North Korea is calling its submarine-launched ballistic missile (SLBM) test on Saturday a “great success,” while South Korea labeled it a failure.
Military analysts, however, are classifying the missile launch as a “successful failure.”
North Korea’s claim, made through its state news agency KCNA, that it now has another means by which to carry out a “powerful nuclear attack” seems to exaggerate its present military capabilities.
The South Korean Joint Chiefs of Staff’s negative assessment points out the current limitations of the North’s SLBM program.
The missile launched Saturday traveled only 30 kilometers before falling into the sea, Seoul said, which was well short of the minimum range of 300 kilometers for the medium-range ballistic missile it tested.
A photo shows North Korean leader Kim Jong Un focusing on the underwater test-fire of a strategic submarine ballistic missile in this undated photo released by North Korea’s Korean Central News Agency (KCNA) in Pyongyang, April 24, 2016.
Another Seoul government source said the missile’s engine malfunctioned shortly after it was launched.
North Korea is considered to be in the early stages of developing a submarine-based missile launch capability. It has attempted three SLBM tests in the last year.
All were believed to have been failures, even though KCNA claimed otherwise, and – according to analysts – videos of past launches were edited to make them appear successful.
Still, analysts say with each test Pyongyang is correcting past mistakes and coming closer to developing a dangerous new capability to strike its enemies in the region and even target the U.S. mainland.
“Even test failures push development forward,” said North Korea analyst Daniel Pinkston via Twitter on Sunday. Pinkston is a lecturer in international relations with Troy University in Seoul.
Melissa Hanham at the James Martin Center for Nonproliferation Studies in Monterey, California, said still photographs of Saturday’s test seem to indicate the submarine-based missile has now been upgraded to use solid fuel.
“A solid fuel SLBM would mean they could launch more easily and quickly with potentially less risk to their sub,” Hanham told VOA via Twitter.
Visitors look at the north side at the Imjingak Pavilion near the border with North Korea, in Paju, South Korea, April 24, 2016.
Analysts from the James Martin Center for Nonproliferation Studies posted a video analysis of Pyongyang’s last submarine missile test in January to prove it was an explosive dud and not the great success claimed by North Korea.
North Korea currently maintains one of the world’s largest submarine forces with approximately 70 underwater vessels.
However, most of these submarines are old, built with 1950s technology and powered by diesel-electric, which means they can only stay submerged and hidden from radar for a few days at a time.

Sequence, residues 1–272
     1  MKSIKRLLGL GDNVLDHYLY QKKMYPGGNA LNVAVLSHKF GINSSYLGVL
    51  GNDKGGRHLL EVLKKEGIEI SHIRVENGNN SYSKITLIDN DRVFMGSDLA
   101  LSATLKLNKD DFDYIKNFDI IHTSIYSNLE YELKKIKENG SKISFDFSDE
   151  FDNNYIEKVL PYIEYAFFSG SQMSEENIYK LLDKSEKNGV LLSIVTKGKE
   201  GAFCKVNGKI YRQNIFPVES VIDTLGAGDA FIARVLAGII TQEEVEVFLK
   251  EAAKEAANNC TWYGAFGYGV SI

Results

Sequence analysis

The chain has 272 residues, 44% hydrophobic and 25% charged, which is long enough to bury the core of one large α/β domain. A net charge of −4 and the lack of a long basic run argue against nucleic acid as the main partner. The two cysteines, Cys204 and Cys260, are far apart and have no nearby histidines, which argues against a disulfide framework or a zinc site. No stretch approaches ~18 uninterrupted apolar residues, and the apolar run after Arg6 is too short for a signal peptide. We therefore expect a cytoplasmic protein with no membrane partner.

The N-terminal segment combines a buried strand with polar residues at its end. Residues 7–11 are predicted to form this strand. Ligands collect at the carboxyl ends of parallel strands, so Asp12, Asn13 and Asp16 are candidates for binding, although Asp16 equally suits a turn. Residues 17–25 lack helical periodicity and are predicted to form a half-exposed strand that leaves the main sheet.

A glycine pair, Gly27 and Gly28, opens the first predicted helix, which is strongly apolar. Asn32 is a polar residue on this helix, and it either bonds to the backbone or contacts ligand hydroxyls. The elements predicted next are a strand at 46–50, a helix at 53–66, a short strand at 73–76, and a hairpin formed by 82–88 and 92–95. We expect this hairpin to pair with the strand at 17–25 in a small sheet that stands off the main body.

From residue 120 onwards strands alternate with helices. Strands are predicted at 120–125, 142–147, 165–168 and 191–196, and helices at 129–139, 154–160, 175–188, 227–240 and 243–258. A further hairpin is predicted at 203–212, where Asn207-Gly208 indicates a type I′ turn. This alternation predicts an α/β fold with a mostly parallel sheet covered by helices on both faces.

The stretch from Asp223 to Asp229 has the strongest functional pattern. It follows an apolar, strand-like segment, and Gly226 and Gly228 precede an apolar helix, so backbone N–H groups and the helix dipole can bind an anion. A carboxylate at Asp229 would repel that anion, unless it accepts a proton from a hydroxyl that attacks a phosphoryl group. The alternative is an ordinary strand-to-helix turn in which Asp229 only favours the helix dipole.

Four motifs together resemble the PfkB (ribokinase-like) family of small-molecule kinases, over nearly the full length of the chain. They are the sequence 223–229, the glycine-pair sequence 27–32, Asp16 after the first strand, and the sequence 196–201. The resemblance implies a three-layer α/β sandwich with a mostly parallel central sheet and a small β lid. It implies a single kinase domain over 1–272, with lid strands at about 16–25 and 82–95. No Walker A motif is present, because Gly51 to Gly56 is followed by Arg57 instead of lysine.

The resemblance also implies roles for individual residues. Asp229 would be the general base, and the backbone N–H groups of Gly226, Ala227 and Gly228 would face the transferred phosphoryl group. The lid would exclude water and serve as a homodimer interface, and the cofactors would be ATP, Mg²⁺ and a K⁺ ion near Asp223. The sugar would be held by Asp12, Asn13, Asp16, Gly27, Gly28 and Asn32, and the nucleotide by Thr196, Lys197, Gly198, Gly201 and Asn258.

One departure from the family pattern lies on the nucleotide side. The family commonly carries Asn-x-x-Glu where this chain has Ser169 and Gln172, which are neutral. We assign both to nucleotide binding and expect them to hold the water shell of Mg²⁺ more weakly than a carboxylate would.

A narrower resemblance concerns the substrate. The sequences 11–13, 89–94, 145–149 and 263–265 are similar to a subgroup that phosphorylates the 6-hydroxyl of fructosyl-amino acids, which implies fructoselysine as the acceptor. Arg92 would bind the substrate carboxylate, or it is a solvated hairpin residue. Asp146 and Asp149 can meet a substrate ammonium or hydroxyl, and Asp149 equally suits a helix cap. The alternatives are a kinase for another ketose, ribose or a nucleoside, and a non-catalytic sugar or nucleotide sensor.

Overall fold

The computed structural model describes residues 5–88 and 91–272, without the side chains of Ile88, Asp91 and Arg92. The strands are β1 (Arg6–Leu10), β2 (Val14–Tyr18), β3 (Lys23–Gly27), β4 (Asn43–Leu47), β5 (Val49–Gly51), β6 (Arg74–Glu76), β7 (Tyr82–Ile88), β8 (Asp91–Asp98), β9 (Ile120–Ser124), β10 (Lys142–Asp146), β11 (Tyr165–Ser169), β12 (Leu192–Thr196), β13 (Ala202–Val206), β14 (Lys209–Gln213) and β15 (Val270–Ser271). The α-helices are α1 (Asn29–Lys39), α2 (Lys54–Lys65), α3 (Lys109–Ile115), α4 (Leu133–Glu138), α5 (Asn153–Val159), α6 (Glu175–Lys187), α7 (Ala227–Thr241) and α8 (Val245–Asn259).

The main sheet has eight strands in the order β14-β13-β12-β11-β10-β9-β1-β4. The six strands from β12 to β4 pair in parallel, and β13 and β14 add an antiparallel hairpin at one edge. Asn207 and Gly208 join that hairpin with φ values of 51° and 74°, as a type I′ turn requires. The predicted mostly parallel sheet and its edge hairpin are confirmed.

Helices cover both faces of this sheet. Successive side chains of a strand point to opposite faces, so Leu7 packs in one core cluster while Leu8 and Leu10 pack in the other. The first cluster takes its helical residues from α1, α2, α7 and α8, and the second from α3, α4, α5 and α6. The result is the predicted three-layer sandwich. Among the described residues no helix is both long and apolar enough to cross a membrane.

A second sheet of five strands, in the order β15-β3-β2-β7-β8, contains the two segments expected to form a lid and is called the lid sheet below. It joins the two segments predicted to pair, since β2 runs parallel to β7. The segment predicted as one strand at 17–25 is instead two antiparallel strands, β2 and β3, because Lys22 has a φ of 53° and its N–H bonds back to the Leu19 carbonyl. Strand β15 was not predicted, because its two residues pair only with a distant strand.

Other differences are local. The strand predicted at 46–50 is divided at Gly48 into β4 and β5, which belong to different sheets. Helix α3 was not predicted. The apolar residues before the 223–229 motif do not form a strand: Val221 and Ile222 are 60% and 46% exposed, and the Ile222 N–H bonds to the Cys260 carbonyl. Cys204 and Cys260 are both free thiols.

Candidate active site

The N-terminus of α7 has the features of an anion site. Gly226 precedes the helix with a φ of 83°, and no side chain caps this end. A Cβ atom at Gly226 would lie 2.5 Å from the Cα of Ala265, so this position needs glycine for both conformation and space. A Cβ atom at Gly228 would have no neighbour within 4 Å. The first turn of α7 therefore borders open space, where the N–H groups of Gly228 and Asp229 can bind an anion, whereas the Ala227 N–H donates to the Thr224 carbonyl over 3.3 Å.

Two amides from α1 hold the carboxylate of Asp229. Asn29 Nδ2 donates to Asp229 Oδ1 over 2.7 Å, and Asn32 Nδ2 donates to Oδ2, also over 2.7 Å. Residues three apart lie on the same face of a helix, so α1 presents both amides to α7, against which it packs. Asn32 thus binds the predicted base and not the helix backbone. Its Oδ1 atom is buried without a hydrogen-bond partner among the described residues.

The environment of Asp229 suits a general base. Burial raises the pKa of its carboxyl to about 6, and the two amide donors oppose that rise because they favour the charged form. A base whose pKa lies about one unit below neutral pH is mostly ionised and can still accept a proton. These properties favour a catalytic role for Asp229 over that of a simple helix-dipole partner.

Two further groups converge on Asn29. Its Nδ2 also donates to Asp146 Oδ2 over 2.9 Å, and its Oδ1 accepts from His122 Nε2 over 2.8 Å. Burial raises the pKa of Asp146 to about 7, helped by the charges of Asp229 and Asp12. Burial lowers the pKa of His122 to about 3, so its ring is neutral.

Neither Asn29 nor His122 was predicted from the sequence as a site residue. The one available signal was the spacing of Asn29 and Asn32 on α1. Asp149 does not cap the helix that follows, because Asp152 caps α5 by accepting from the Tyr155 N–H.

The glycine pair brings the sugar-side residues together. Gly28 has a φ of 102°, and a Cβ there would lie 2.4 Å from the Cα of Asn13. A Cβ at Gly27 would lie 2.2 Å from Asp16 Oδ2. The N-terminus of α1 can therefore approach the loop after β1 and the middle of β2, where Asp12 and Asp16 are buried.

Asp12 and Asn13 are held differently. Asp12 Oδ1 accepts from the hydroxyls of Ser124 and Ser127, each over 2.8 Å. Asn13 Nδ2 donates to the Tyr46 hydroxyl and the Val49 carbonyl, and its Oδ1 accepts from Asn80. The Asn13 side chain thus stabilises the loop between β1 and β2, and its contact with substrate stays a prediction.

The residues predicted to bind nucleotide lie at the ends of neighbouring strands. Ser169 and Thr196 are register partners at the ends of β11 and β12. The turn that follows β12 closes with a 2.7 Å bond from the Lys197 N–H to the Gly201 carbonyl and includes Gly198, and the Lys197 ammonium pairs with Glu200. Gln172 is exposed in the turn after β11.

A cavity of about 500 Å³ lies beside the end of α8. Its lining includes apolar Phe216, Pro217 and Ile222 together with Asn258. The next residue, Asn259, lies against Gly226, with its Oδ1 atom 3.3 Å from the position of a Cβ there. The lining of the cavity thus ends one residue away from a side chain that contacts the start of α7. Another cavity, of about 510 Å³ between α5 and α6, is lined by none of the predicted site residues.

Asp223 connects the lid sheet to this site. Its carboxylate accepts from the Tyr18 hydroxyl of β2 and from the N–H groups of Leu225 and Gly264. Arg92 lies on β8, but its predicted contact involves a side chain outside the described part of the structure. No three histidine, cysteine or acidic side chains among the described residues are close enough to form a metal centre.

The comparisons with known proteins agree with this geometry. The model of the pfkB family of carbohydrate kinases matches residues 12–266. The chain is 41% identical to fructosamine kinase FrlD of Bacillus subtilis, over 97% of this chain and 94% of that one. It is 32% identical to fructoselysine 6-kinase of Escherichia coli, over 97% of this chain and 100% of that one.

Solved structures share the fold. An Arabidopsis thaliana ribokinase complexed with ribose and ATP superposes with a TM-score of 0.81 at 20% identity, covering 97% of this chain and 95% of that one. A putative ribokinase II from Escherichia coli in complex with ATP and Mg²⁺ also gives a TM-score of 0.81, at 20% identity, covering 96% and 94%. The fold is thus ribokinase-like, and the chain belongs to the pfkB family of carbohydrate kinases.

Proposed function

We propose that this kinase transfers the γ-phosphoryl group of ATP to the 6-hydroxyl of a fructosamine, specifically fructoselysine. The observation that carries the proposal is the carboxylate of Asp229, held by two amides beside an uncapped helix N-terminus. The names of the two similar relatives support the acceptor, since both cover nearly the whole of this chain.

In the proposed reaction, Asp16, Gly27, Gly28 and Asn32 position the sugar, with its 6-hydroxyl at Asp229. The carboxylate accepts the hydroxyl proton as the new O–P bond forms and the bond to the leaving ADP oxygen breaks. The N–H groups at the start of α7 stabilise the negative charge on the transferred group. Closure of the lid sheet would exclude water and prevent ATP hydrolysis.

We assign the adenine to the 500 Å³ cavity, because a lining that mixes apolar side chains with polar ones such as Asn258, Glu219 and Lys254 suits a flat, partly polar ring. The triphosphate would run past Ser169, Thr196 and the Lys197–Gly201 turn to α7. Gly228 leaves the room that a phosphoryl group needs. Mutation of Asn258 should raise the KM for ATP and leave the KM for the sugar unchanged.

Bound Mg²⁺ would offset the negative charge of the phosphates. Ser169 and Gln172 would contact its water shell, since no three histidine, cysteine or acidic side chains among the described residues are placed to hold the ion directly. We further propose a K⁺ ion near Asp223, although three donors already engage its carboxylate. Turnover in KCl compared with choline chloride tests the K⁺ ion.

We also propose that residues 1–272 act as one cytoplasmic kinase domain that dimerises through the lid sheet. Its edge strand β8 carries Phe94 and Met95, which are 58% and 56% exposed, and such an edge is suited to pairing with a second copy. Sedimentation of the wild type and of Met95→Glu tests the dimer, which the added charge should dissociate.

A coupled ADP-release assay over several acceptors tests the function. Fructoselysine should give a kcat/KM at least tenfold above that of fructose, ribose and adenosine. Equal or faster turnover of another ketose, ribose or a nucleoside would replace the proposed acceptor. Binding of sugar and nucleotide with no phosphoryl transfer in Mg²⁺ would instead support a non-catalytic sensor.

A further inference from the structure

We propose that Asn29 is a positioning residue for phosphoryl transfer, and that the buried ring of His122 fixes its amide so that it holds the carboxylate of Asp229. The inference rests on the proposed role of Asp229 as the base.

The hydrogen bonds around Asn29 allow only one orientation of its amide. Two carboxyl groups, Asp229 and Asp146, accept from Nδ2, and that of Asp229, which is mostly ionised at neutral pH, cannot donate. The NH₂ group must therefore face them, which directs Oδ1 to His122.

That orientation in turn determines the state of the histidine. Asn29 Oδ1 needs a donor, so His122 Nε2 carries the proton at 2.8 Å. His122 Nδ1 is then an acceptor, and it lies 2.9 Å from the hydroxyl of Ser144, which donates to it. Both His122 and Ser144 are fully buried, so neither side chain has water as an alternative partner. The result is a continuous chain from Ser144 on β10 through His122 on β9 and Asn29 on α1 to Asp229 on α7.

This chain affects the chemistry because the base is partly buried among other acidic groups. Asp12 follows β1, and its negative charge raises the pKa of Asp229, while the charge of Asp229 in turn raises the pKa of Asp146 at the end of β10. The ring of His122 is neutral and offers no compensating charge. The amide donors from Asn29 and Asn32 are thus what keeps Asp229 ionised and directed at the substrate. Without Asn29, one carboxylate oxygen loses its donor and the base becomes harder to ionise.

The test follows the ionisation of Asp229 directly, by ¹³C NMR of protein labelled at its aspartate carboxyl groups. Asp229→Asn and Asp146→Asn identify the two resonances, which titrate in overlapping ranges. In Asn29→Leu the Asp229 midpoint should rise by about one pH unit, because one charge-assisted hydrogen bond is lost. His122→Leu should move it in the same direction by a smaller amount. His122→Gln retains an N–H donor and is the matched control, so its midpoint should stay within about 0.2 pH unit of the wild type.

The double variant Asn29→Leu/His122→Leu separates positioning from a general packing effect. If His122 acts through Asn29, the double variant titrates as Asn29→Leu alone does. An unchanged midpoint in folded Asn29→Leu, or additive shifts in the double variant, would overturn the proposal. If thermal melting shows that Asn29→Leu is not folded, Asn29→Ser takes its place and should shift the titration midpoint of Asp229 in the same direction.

Since Kim Jong Un came to power in 2011 the North Korean military has accelerated efforts to modernize its submarine fleet, according to Jane’s Intelligence Review, a global security journal.
Pyongyang likely overstated the results of its SLBM capability to enhance Kim’s image within the country as it prepares for a rare and major ruling Workers Party congress in early May. The country’s last major party congress was held in 1980.
And there has been speculation the North Koran military was under pressure to quickly conduct a successful test after a midrange land-based missile launch ended in catastrophic failure earlier this month.
Jeffrey Lewis, director of the East Asia Nonproliferation Program at the Middlebury Institute of International Studies in California, said it is important to distinguish between North Korea’s short-term failures and the looming threat in the future.
“On the one hand, yes, we should be cautious, and we shouldn’t overreact to what they’ve done. But nor should we let that cause us to slip into a kind of denial about what their goal is,” Lewis said.
A man watches a TV news program showing a file footage of a missile launch conducted by North Korea, at the Seoul Train Station in Seoul, South Korea, April 23, 2016.
North Korea’s strategic goals for developing nuclear missile strike capability from submarines is first for defense. Having an underwater nuclear arsenal would give Pyongyang a “second-strike” capability if the U.S. or South Korean forces attempted a preemptive attack against its land based missiles, according to analysts.
Developing a SLBM capability that is fitted with a nuclear warhead would also give North Korea the ability to strike against the U.S. mainland.
The U.S. Strategic Command, headquartered at Offutt Air Force Base in Nebraska in the central U.S., said in a statement that North Korea’s recent submarine missile launch “did not pose a threat to North America” and that U.S. military forces “remain vigilant in the face of North Korean provocations and are fully committed to working closely with our Republic of Korea and Japanese allies to maintain security.”
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